It turned out that the SUPing couple were Diego and Sole (pronounced ‘so-lay’), owners of a paddleboard tour company in Playa Coco, about 45 minutes up the peninsula. With them were a couple of American friends who had recently moved to town.
“We’re having a guac-off tonight”, they said. “You guys should come. You can sleep in our guest room.”
And with that we abandoned the idea of Tamarindo and headed back the way we’d come. There are rules to this game, and rule number 6 says if you get invited to a guacamole making party, you drop whatever you’re doing and go. Especially when you have guacamole heritage in the family. The thought of a real bed was also appealing.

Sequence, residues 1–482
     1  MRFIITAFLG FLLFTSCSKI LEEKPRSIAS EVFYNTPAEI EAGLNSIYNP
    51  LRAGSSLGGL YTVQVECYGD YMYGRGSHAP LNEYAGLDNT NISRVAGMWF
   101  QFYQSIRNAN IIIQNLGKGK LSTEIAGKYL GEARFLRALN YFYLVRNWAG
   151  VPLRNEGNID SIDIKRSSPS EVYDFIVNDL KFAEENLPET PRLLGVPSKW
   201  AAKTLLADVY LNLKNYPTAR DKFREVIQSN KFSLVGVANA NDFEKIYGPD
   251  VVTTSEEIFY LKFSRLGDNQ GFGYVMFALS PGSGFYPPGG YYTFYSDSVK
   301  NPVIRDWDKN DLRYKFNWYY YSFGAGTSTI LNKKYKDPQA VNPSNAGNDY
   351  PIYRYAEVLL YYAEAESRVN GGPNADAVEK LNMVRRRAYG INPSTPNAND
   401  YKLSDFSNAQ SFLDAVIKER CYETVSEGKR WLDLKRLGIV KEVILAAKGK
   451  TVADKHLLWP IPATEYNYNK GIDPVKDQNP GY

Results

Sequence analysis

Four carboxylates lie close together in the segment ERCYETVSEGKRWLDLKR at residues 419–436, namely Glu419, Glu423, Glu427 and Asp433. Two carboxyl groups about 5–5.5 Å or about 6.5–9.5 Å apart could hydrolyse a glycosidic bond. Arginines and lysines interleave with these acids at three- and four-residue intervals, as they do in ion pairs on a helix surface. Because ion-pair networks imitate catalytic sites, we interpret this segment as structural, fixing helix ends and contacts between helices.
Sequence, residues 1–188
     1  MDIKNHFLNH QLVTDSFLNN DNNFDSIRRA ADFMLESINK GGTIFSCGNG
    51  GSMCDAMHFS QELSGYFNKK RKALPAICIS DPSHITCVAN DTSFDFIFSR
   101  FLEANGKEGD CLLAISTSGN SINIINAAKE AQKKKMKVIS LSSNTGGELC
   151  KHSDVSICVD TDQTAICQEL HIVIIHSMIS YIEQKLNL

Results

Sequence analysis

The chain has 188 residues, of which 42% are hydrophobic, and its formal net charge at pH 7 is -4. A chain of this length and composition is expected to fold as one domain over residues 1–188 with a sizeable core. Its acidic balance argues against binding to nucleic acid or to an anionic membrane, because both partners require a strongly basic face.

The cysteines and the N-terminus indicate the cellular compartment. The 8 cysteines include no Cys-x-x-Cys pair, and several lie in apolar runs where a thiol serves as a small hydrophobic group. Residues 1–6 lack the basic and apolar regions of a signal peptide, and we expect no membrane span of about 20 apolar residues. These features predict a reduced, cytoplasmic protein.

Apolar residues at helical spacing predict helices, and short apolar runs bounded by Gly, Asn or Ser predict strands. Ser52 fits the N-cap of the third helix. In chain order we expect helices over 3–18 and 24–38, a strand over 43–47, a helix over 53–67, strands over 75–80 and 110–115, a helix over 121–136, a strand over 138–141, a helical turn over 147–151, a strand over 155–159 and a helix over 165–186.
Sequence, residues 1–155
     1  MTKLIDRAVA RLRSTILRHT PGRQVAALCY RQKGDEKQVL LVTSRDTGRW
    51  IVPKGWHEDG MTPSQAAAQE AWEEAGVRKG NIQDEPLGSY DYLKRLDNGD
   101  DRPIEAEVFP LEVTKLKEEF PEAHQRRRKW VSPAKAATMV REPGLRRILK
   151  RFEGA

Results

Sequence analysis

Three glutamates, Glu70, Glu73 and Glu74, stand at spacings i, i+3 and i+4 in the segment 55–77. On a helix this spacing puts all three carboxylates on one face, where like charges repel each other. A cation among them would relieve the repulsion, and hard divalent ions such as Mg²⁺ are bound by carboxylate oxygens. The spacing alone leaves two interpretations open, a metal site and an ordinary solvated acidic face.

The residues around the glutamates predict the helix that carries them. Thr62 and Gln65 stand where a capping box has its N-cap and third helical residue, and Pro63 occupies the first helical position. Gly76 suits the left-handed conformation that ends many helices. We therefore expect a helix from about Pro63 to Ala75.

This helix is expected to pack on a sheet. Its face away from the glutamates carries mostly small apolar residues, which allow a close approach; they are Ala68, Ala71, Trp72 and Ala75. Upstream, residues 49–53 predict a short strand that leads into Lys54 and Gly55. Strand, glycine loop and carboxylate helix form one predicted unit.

And so it was that 45 minutes later we were stepping through the doors of Sole and Diego’s extra nice, super comfortable condo in Playa Coco that reminded me of the North Myrtle beach condos we stayed in 3 months ago. It was the first time in three months that we’d set foot inside of a modern home; uniform walls, granite countertops, plush couches, decorations, curtains, and nice beds, not to mention a nice patio overlooking the town.
We weren’t there long before we were whisked out the door by the Americans Heather and Jeff, and their Costa Rican friend Sandy. There was to be a guac-off, so we had to loosen up. We drove Diego’s truck through the mountains and down a 4×4 track to a hidden beach in a cove. Diego had told us that a red tide had come a few days before, but that it should have been gone by now.